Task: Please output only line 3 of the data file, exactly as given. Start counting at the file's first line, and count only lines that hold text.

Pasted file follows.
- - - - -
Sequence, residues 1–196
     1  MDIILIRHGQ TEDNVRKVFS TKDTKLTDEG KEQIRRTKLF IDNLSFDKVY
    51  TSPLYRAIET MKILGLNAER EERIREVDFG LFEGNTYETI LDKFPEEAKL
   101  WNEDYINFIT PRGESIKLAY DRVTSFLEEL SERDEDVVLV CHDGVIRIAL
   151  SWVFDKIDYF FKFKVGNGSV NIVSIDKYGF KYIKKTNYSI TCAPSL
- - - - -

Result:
    51  TSPLYRAIET MKILGLNAER EERIREVDFG LFEGNTYETI LDKFPEEAKL